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(1) Technical University of Munich, Germany

Incorporating 1,2,4,5-tetrazines into proteins: A method for targeted drug release

PHOTO: Enric Ros

Authors: Enric Ros (1), Antoni Riera (1), Lluís Ribas de Pouplana (1)

Bioorthogonal reactions, namely reactions that can take place under biocompatible conditions, are having a major impact in the development of new research tools and novel therapeutic strategies. In the latter case, the discovery of the reaction commonly referred to as “click-to-release” (CtR), which triggers the liberation of a given cargo (normally a drug or a fluorophore), has led to several applications in drug delivery. This reaction happens between a 1,2,4,5-Tetrazine (Tz) fragment and certain alkenes or alkynes and, in order to achieve drug delivery specifically at the site of action, one of the two reactant counterparts should be conjugated to a biomolecule acting as a carrier, ideally a protein.
We have synthetized the previously unreported 3-bromo-1,2,4,5-tetrazine and used its excellent reactivity to attain chemoselective protein labelling onto lysines. Due to the chemical features of the formed amino-Tz. The resulting labelled lysines can undergo fast CtR reactions with trans-cyclooctenes, thereby releasing a desired cargo under physiological conditions. To showcase the applicability of this approach, we have labelled the monoclonal antibody Trastuzumab (anti-Her2) and demonstrated the specific release of the cytotoxic drug doxorubicin upon reaction in a mammalian cell culture context, resulting in a decrease in cell viability.
Additionally, we have also used 3-bromo-1,2,4,5-tetrazine to synthetize an amino-Tz containing non-natural amino acid and used it to achieve protein labelling through its genetic incorporation by amber codon suppression in Escherichia coli. The resulting site-selectively labelled proteins can also trigger fast, high yielding CtR reactions.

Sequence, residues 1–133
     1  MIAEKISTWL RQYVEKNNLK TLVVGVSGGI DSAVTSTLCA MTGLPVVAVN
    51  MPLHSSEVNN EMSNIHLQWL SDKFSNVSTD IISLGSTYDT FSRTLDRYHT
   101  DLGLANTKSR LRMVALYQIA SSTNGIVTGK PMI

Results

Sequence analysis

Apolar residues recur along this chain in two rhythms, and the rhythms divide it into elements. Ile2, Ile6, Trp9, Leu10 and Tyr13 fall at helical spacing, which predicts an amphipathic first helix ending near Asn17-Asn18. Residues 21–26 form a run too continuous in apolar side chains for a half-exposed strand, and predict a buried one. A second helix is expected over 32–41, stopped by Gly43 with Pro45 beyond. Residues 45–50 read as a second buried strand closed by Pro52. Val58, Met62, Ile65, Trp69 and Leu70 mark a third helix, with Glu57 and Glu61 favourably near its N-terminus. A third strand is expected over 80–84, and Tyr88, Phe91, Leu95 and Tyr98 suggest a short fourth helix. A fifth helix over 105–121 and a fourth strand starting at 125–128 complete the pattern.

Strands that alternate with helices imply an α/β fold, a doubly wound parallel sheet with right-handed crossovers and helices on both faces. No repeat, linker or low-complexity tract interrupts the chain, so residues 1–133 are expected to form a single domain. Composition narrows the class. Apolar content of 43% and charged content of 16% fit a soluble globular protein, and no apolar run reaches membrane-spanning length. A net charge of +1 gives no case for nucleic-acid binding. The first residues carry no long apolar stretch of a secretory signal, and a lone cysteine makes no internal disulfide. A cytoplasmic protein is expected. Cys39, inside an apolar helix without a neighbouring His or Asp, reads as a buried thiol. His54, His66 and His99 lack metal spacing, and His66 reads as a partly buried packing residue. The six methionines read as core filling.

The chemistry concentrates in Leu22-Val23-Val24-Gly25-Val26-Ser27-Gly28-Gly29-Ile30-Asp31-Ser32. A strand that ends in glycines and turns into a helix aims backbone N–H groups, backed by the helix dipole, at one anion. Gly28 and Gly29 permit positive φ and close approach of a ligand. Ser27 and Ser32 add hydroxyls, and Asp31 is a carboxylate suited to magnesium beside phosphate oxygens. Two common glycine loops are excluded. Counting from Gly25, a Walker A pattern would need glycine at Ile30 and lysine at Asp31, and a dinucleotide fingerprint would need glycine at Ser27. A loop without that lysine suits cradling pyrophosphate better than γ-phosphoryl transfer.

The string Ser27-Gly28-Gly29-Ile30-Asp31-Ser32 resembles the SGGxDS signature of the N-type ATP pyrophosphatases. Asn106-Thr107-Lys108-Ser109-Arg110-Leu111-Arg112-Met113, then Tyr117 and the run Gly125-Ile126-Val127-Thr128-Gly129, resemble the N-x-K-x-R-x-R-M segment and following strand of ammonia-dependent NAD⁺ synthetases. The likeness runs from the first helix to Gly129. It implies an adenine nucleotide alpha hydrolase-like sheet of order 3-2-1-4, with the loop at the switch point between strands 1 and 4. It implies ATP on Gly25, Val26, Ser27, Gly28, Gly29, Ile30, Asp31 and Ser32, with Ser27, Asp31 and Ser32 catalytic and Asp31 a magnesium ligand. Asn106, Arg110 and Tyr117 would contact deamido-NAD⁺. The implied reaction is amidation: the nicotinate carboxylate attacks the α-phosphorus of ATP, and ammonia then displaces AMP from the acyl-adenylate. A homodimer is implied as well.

To summarize, we have successfully applied a new compound, 3-bromo-1,2,4,5-tetrazine, as a reagent to achieve either chemoselective or site selective protein labelling. We have applied the bioconjugated proteins to demonstrate their potential use for targeted drug delivery in a relevant cellular model, opening new therapeutically useful methodologies.

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(1) IRB Barcelona, Spain

Modulation of nuclear receptors through ligand architecture

PHOTO: Rens de Vries

Authors: Rens de Vries (1), Femke Meijer (1), Luc Brunsveld (1)

Nuclear receptors (NRs) have been one of the primary drug targets over the last decades for their ability to regulate gene expression. The traditional approach of modulating NRs is to design small synthetic molecules that interact with the ligand-binding domain (LBD) of the NR. Ligands can thereby either enhance or inhibit gene transcription. Apart from the effects on transcription, recent research shows that minor changes in the ligand scaffold can have a significant impact on the behavior of the NR. In this research, we show how small-molecules can change both the dimerization behavior of NRs and the recruitment of allosteric modulators.
The Retinoic X Receptor α (RXRα) is known as a master regulator among NRs through its ability to heterodimerize with, and thereby modulate, other NRs. We show, using a novel NanoBIT complexation assay, that small directed changes in the RXR ligand scaffold can lead to selective formation of specific hetero- and homodimers. Using our structural data and focused compound library, a model was developed to help to understand this effect of the ligand. This information can serve as a blueprint to design small-molecules that selectively target specific NRs via RXR. This makes RXR as an exciting and versatile target for NR modulation, especially when classical modulation of the partner NR is not possible.
Recently, small-molecules have been found to bind to allosteric sites of NRs. Allosteric ligands are of interest since they do not compete with the endogenous ligand of the NR and often shown an increased selectivity towards their target. We show, using X-ray crystallography and biochemical assays, that there is communication between orthosteric and allosteric ligands in the RAR-related orphan receptor γ t (RORγt). We successfully solved eleven new ternary crystal structures of RORγt in the presence of both orthosteric and allosteric ligands. These structures mechanistically show how binding of the orthosteric ligand leads to positive cooperative binding of the allosteric ligand.